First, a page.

|Bob and Jeff discovered this fella hanging in the grass on their hike out
We quickly loaded their gear into the trusty Rav4 and took off to Cooke City for a well deserved lunch and some souvenir shopping.
We hit the General Store where T-shirts were purchased along with some other small items before finding a good spot for lunch. I’d never eaten anything but breakfast at Cooke before so this would be a crap shoot.
The Beartooth Café looked to be packed, the burger van wasn’t yet open so we went into the Bistro by default and got an outside table with a nice view of Main Street until some douche bag from Ohio parked his big rig directly in front of us.
The Cokes were cold, the burgers fat and the fries hot. A good post-hike meal. Jeff even got a special bonus when our eastern european server accidentally dropped a cup of ice down his back.
After we finished eating we went back to the General store and grabbed a few more gifts before heading down the road a few miles to Silvergate---Just so the others could say they were there and so I could grab another Coke.
Since we were all in need of a shower, Jeff suggested that we find a campground on the other side of Beartooth Pass and hit the shower at the Red Lodge KOA. I wanted to snag a campsite on the Cooke City side but relented. I did smell and doing the hour to Red Lodge would mean that much less driving over the next couple of days.
We found a good site at the Ratine campground about 15 minutes south of Red Lodge, quickly set up the tent and got our gear organized for the trip home. It was hard to believe that 8 days had passed and that tomorrow we’d be starting the drive home.
I sprung for the showers at the Red Lodge KOA. I felt a little bit guilty after the other three kept picking up the meal checks throughout the trip so I guess t his was my way of saying “thanks” and that I thought they stunk.
|Clarks Fork near the trailhead
All cleaned up we drove back to Red Lodge and made a stop at Sylvan Peak so that Jeff could buy some clean clothes for his flight back to Canada. He is now stocked with hiking gear for the next few years.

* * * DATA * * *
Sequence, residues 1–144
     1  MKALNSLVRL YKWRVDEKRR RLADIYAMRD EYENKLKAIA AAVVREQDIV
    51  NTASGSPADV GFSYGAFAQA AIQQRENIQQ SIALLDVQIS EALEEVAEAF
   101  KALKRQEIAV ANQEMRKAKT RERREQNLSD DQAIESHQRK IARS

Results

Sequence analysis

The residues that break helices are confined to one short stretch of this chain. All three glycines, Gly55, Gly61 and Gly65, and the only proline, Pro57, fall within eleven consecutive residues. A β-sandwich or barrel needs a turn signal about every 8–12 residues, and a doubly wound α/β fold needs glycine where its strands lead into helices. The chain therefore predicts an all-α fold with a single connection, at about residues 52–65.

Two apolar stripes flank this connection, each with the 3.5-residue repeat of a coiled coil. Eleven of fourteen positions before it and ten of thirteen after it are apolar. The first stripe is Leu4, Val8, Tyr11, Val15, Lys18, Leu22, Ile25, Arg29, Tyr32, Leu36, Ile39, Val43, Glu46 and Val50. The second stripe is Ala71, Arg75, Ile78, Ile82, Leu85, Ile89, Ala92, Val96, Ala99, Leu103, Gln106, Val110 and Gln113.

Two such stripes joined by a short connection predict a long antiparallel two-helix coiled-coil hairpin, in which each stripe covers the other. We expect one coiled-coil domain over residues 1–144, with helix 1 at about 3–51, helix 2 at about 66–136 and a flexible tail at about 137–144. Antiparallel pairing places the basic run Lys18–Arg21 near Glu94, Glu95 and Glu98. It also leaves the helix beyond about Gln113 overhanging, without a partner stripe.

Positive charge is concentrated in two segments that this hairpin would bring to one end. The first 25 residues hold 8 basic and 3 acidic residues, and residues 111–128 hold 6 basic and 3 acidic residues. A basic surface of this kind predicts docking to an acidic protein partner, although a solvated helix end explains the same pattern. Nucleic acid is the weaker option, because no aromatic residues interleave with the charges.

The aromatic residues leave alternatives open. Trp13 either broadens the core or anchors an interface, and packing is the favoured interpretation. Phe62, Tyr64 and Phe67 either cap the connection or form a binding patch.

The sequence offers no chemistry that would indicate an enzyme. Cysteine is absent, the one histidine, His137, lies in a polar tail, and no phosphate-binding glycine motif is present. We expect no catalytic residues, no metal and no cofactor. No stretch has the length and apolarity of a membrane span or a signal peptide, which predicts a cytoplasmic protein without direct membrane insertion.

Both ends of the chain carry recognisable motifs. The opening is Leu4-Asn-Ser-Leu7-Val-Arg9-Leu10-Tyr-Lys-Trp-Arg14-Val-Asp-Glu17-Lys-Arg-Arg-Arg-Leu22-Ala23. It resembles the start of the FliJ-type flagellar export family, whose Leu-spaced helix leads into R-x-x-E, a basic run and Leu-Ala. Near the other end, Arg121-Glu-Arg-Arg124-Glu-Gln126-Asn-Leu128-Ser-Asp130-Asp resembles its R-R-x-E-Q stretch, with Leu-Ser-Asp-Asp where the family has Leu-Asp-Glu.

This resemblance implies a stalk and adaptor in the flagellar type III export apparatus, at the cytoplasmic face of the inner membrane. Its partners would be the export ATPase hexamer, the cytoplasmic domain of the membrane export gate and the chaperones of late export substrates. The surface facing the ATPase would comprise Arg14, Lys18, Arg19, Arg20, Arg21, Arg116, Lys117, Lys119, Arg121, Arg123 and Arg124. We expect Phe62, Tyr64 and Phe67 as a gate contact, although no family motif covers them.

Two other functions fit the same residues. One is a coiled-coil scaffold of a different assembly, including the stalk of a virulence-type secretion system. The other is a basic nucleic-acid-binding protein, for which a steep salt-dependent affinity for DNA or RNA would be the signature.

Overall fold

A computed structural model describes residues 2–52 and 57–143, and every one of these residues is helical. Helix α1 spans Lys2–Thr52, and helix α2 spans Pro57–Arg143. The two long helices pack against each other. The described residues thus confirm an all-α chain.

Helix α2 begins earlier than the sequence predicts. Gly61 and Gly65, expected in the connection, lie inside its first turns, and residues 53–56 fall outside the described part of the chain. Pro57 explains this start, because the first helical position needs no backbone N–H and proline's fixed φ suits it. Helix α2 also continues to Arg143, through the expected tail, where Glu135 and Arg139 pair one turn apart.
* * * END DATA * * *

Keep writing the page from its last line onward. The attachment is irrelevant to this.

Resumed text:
Next, we made our way over to the Red Lodge Pizza Co.---somewhere I’d never eaten before. Still suffering from caloric deficiency we each ordered our own 3-topping pie.
When the pizza’s were delivered it became apparent that we’d all bitten off more than we could chew. Significantly larger than the pan, our 12’ pies looked to be at least 15” and were smothered with toppings.
Sadly, my pepperoni, sausage and green pepper pizza was the only one completely consumed that night. The rest would ride home with Bob and I. maybe we’d eat some on the way home, maybe not.
We made it back to the campground with about an hours worth of light left in the day so I picked my way through the underbrush to Rock Creek and watched a fly fisherman try his luck. Obviously a fisherman's curse, I went back to camp not seeing anything on the end of his line.
The four of us conversed for a few minutes then retired to the spacious Coleman for the night.
I knew I was fucked when I lay down and started rolling toward the edge of the tent. Even though I had taken another sleeping pill to combat the snoring that would inevitably start up, sleeping was difficult on the west slope.
After about 90 minutes I finally dozed off then, at about 2 AM Jeff’s snoring began. Another hour of slipping and sliding passed before I nodded off again. Then the snoring concerto woke me up again just before 5:00.